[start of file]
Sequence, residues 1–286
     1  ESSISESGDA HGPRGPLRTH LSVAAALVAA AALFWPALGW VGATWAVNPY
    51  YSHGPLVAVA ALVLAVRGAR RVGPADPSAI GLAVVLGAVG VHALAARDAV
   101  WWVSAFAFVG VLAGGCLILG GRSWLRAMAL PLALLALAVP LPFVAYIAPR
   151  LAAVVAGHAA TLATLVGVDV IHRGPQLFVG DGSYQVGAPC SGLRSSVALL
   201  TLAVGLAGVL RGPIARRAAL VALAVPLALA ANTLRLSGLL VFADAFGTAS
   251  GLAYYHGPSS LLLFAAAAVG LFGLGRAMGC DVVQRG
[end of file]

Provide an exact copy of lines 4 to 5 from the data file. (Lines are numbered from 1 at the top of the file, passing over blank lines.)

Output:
   101  WWVSAFAFVG VLAGGCLILG GRSWLRAMAL PLALLALAVP LPFVAYIAPR
   151  LAAVVAGHAA TLATLVGVDV IHRGPQLFVG DGSYQVGAPC SGLRSSVALL